Background and purpose: Breath-hold techniques can reduce cardiac dose in breast radiotherapy. The reverse semi-decubitus (RSD) technique is an alternative free-breathing method used at our centre. This study compares the dosimetry of free-breathing supine, RSD and moderate deep inspiration breath-hold (mDIBH) techniques.
Materials and methods: Twelve patients with left-sided breast cancer who were simulated using standard supine, RSD and mDIBH techniques were identified retrospectively. New plans using standard breast tangents and techniques for internal mammary chain (IMC) nodal coverage were assessed.
Results: Using standard tangents, mean heart dose, heart V25Gy and mean left anterior descending artery (LAD) dose were found to be significantly lower for RSD and mDIBH when compared to free-breathing supine (p ⩽ 0.03). Using wide-tangents, the maximum LAD point dose was also lower for RSD and mDIBH (p ⩽ 0.02). There were no statistically significant dosimetric differences found between the RSD and mDIBH simulation techniques for standard breast-tangent plans, though organ-at-risk doses were lower for mDIBH in wide-tangent plans. There was no improvement in cardiac dosimetry between RSD and free-breathing supine when using an electron field IMC plan.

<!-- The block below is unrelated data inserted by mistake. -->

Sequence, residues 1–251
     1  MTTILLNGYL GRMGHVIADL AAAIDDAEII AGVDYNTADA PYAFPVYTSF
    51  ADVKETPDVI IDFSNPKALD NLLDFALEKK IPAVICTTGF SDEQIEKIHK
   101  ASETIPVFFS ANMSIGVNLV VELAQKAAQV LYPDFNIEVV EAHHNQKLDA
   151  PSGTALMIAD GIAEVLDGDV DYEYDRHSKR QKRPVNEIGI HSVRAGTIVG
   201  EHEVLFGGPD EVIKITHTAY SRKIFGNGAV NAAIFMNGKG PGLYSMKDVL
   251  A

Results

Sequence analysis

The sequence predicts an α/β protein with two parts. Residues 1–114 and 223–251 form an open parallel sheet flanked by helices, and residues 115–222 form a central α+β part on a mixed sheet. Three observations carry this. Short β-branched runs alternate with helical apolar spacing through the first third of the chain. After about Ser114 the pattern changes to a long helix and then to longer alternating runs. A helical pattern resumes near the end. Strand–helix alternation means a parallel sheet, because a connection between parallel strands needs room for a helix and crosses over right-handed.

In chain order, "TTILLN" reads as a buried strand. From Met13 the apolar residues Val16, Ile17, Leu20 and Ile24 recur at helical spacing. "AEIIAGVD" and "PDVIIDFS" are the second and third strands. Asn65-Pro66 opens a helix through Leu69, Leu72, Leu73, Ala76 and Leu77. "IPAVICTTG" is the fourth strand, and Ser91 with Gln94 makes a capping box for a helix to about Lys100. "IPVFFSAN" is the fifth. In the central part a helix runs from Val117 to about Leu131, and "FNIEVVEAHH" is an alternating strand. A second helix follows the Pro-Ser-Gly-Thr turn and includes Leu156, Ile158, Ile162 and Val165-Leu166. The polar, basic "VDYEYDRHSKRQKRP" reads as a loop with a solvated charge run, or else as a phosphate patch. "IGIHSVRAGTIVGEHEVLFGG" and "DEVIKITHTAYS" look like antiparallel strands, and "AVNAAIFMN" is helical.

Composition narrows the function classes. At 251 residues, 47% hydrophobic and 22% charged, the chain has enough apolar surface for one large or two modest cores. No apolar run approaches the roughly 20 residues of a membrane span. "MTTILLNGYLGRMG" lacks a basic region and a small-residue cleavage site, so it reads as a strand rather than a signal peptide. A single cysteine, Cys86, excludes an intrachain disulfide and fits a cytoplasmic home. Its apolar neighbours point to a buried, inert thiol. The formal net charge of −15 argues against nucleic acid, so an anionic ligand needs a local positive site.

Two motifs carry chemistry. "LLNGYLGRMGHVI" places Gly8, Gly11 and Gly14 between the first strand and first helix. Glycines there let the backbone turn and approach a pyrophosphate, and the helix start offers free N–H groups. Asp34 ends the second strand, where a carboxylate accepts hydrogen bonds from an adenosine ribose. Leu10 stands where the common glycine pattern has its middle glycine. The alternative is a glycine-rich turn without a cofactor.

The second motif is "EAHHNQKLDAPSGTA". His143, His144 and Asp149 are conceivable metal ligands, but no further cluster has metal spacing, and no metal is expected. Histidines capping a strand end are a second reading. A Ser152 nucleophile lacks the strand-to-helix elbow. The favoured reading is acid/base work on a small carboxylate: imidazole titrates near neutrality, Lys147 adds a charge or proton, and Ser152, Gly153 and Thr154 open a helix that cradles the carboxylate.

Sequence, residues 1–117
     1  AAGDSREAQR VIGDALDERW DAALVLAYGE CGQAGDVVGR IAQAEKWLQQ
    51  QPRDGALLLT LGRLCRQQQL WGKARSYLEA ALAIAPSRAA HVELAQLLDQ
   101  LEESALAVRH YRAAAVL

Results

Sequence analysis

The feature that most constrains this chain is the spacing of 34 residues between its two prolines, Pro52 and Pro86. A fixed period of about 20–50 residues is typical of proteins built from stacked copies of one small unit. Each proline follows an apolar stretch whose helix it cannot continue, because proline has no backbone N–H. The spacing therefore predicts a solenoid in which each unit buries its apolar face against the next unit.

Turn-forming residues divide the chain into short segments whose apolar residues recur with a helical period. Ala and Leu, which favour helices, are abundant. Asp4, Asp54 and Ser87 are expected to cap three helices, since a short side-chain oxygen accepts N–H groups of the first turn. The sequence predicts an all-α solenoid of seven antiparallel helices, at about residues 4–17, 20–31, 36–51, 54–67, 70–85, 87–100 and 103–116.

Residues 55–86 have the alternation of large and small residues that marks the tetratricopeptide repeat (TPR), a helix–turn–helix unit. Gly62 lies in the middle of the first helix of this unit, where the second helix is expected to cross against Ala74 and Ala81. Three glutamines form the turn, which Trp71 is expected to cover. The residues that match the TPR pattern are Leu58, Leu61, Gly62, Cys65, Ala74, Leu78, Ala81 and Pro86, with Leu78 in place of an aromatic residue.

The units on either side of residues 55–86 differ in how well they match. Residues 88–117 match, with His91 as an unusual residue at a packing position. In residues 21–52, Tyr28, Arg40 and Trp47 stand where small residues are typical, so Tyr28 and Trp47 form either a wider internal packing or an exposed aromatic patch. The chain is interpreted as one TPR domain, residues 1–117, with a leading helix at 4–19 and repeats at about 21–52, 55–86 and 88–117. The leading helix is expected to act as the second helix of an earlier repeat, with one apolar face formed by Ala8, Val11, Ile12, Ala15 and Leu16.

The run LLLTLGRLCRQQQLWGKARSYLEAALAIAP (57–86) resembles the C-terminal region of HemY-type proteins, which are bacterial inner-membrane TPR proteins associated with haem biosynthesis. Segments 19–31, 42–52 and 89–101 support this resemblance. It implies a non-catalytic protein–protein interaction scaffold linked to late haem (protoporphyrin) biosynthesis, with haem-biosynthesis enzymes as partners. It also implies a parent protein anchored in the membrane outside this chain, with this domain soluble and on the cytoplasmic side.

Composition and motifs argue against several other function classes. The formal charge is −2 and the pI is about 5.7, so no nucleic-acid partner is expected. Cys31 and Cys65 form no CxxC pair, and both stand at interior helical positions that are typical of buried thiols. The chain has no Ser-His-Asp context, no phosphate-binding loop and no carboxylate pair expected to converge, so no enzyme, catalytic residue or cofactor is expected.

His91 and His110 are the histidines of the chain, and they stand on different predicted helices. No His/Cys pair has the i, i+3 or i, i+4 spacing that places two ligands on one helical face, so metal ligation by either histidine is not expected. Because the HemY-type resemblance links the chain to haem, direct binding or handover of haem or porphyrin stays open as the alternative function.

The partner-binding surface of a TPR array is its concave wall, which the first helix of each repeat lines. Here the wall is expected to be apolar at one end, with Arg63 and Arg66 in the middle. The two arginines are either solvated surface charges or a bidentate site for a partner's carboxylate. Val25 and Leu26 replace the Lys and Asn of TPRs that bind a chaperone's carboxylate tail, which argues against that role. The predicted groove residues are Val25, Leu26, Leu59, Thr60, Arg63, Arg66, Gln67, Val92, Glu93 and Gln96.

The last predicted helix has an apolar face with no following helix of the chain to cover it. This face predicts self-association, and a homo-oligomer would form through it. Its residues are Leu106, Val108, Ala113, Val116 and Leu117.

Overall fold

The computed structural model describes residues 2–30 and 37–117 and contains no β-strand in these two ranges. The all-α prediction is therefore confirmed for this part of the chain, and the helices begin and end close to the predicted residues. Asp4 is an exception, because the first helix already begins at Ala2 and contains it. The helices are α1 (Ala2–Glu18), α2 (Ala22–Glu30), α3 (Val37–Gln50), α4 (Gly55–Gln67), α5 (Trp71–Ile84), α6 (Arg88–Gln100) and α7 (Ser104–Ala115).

Conclusions: For patients unable to tolerate breath-hold, the RSD technique is an alternative approach that can reduce cardiac dose.
Keywords: Breast; Cardiac dose; Free-breathing; Radiotherapy.
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